Safe Harbor – Microsoft’s One Step Ahead
In a recent decision the European Court of Justice has ruled that Safe Harbor is effectively invalid. Microsoft has once again been showing they’re one step ahead when it comes to keeping up with developments in the law affecting the cloud.
Safe Harbor was a mechanism whereby European companies could maintain their data protection compliance obligations and transfer data from the EU to US companies who have Self-Certified as Safe Harbor Compliant. Safe Harbor has been in place for 15 years, and certification involves US companies complying with a set of data protection principles and practices. This is required due to the US not having its own data protection laws that the European Union recognizes as being sufficient to protect EU Citizens.
Microsoft’s enterprise cloud customers can continue to transfer data by relying on additional steps and legal safeguards Microsoft has put in place; this includes additional privacy protections and Microsoft’s compliance with the EU Model Clauses, which enable customers to move data between the EU and other places – including the United States – even in the absence of the Safe Harbor (as stated in the first blog article above).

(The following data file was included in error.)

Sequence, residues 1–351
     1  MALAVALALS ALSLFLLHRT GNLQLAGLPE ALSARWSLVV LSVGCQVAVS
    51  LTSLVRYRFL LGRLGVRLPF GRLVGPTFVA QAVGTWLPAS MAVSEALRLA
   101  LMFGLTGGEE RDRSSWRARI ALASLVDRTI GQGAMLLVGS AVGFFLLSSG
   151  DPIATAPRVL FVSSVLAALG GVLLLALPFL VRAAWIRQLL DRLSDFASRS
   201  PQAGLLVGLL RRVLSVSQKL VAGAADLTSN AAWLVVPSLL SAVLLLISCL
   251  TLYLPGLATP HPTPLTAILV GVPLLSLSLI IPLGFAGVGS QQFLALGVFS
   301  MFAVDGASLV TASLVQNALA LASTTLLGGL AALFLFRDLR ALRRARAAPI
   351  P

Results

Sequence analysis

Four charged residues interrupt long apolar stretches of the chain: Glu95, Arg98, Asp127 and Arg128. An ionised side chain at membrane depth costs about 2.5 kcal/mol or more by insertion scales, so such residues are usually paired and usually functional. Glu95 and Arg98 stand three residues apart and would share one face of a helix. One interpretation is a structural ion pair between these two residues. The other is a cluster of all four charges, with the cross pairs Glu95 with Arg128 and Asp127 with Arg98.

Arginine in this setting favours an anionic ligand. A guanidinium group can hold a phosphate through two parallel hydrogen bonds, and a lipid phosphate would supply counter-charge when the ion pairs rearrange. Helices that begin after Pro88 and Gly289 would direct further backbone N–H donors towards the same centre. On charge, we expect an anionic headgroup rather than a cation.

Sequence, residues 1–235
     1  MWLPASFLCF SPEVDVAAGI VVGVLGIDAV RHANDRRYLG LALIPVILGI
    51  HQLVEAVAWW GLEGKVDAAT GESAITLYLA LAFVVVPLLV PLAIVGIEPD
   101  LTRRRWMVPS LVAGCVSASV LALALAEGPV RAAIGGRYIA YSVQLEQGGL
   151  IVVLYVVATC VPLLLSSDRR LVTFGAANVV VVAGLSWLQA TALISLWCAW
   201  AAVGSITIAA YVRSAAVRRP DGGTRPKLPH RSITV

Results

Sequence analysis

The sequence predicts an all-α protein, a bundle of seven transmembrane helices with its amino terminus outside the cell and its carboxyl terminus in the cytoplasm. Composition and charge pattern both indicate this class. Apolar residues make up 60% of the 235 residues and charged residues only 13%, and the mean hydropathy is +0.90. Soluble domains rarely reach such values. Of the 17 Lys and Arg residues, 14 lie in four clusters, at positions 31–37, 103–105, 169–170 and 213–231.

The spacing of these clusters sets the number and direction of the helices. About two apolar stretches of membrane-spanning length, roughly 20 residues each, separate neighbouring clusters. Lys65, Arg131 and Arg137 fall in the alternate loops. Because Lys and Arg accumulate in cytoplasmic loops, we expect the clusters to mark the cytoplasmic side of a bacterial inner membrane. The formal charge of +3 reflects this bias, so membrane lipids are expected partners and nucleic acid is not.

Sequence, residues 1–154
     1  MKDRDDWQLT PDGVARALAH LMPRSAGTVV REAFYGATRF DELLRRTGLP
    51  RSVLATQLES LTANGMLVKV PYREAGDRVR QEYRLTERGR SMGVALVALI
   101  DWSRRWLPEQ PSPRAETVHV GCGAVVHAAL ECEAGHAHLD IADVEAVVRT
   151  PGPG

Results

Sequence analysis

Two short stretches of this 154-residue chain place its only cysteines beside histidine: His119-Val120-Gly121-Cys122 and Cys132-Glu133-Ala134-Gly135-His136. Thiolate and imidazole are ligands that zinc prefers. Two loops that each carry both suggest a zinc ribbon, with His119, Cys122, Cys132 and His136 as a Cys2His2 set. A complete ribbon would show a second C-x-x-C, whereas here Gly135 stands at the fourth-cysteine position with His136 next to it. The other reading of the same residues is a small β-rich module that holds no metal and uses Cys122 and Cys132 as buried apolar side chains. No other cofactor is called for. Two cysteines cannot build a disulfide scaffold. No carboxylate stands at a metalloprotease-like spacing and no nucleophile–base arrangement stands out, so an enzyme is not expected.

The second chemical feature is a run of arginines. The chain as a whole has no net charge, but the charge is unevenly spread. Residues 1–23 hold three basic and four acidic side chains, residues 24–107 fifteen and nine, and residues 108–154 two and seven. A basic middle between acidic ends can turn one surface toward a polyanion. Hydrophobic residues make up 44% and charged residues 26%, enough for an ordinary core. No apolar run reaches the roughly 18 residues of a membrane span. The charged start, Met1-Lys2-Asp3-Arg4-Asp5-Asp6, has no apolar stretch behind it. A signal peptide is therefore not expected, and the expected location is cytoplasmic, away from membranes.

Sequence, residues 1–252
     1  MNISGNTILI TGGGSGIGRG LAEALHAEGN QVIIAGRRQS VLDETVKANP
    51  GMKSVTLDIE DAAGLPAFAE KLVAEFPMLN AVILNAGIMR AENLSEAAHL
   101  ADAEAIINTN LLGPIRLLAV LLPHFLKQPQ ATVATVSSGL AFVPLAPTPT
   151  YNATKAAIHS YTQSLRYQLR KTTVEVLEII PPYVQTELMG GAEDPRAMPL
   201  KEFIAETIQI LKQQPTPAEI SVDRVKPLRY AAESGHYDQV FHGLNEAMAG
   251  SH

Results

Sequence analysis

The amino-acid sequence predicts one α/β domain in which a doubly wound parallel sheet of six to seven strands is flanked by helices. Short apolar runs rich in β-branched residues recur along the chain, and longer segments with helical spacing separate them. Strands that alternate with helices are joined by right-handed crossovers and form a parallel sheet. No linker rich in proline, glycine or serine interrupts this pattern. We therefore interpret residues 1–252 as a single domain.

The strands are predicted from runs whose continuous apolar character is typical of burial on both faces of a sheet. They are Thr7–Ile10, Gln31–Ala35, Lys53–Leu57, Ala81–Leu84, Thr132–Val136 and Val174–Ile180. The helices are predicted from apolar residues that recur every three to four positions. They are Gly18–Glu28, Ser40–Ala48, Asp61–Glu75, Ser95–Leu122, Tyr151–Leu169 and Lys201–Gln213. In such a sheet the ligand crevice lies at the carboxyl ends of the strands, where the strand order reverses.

It seems the requirements of the law are changing, if you’re not with a cloud provider that has you covered and you are transferring data to the US, you’re going to have to work out exactly what not having Safe Harbor means and implement changes if required. The above posts make it clear that Microsoft is right on top of this legal development and you’re in safe hands. Microsoft is always quick to react, and as situations like this develop, Microsoft’s Cloud will adapt enabling you to stay compliant while letting them worry about the finer details.
As always with legal issues, seek legal advice if you’re unsure, however the legal bill and the implementation bill will likely be far less if you’re with a cloud provider who’s already done the heavy lifting for you.